As more and more students complete the Practice, I will begin to distribute chart paper to pairs of students. My goal is to have as many problems as possible displayed on the board (and for as many students as possible to practice writing up their responses). On the chart paper, students need to justify their answer using a definition or explanation that reflects formal mathematical knowledge communicated clearly. For example, if the constant of proportionality was identified from an equation, students will need to refer back to the basic function y = kx to defend their answer:
For example, in question #3 B = 0.4w; y = B and x = w, which means 0.4 is k; for these problems MP7 is also useful as students make use of the structure of an equation to identify the constant of proportionality.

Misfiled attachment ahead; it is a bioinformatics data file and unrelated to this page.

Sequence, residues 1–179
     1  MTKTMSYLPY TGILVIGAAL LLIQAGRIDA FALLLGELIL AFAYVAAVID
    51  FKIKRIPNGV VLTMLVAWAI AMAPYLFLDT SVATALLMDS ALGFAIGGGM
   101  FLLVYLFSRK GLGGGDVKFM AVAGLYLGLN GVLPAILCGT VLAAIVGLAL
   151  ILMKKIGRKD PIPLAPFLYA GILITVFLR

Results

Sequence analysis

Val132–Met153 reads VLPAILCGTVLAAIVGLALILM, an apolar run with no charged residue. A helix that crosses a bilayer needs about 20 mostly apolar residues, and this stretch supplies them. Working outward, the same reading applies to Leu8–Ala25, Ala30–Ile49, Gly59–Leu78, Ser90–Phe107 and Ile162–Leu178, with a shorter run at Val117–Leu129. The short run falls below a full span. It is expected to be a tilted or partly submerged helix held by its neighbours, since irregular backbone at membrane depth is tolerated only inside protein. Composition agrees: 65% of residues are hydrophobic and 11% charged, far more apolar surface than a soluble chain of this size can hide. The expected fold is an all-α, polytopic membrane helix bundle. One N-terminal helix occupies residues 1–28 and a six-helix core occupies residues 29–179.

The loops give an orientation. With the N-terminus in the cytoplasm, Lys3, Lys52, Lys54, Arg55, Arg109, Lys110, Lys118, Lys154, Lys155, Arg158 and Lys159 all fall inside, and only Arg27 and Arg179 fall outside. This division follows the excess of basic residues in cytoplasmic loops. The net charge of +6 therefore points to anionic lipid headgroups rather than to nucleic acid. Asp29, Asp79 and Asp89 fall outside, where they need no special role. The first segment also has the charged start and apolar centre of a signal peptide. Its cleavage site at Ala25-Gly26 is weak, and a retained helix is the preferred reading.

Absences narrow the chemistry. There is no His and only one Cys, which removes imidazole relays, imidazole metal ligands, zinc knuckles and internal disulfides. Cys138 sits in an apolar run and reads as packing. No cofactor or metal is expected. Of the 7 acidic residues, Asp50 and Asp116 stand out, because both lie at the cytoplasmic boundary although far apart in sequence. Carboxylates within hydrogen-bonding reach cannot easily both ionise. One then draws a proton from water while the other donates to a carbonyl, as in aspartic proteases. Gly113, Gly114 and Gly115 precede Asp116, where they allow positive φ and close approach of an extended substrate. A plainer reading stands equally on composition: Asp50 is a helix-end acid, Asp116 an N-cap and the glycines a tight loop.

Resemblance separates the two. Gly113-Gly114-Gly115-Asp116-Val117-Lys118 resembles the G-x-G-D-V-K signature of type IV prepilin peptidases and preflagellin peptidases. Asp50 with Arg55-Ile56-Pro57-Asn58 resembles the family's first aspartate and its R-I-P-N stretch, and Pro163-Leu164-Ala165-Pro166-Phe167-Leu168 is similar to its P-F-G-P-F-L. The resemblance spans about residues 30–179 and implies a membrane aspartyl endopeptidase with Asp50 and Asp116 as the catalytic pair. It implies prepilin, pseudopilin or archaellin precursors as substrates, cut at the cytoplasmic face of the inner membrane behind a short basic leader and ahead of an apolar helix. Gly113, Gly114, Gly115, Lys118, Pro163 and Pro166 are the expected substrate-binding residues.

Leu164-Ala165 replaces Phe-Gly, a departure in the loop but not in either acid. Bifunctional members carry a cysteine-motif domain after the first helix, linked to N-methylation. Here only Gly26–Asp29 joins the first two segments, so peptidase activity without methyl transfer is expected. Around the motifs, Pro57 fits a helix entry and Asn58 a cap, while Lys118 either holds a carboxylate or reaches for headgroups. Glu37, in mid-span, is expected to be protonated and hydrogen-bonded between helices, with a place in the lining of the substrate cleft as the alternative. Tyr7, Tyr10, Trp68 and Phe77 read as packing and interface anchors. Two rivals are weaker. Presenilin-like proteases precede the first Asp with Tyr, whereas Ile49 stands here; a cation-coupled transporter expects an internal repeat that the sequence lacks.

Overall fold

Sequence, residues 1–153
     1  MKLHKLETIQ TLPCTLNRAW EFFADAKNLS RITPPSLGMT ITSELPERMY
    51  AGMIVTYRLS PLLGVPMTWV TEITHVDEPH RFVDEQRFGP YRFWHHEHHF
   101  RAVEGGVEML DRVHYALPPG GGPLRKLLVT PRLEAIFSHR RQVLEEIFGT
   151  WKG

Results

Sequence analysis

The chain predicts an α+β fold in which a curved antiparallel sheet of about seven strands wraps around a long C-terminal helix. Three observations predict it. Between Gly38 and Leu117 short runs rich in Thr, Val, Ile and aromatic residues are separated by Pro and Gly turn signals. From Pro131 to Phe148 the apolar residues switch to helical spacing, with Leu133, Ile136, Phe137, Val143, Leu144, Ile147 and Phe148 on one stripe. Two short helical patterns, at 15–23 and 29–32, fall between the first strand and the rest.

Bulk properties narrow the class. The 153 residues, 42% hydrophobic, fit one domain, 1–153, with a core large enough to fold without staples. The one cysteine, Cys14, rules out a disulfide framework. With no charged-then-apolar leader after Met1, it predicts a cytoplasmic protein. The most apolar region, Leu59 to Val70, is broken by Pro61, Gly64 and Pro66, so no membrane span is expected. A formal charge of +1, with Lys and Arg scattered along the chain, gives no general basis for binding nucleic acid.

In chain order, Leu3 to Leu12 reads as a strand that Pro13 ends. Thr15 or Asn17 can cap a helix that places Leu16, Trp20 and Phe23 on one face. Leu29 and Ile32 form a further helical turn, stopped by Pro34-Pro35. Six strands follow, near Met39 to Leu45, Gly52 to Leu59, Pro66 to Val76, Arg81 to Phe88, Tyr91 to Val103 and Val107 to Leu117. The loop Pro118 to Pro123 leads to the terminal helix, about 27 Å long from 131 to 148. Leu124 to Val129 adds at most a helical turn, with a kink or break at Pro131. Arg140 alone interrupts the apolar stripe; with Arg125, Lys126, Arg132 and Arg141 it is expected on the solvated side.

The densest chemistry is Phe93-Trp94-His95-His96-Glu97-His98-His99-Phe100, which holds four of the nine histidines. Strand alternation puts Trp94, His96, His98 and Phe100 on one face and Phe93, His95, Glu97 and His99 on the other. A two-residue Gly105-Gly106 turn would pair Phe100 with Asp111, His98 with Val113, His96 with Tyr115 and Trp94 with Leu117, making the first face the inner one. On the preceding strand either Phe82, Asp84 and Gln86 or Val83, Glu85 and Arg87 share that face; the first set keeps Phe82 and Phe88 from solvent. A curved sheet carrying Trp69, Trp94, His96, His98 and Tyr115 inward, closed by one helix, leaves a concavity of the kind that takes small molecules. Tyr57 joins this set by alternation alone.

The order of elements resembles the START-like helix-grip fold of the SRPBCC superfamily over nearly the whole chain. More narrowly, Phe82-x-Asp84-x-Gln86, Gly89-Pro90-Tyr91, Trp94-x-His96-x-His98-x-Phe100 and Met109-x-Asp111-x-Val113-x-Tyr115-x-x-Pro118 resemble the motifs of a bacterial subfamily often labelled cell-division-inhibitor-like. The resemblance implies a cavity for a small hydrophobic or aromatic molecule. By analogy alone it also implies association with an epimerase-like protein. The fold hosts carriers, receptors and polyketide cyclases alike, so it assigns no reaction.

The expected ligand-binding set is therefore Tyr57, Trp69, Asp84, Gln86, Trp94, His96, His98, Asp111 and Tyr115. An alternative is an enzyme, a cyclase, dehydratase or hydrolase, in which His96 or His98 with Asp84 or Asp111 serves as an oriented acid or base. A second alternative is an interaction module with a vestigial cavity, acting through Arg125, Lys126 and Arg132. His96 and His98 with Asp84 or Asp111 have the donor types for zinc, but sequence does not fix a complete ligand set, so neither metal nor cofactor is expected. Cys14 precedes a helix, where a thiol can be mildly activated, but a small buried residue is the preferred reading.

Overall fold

If the constant of proportionality was identified from a table of values or word problem (not including an equation), an argument will need to be presented about the dependent and independent variables:
For example, in question #4 the price depends on the number of comics bought, thus k = dependent/independent = 6/2 = $3/comic
During the last 10 minutes of class I will be selecting students to explain their work on some of the questions that proved most difficult today. Generally, I either have a list of questions prepared before the lesson or I have made an effort to identify the questions to focus on during Class Work.
I want my students to explain their solutions to motivate Mathematical Practice 3. This strategu also frees me up to walk around the room to ensure students are on task, actively listening, asking questions, and copying down the work.
My expectations for this practice worksheet are that any problems not completed during class must be completed for homework.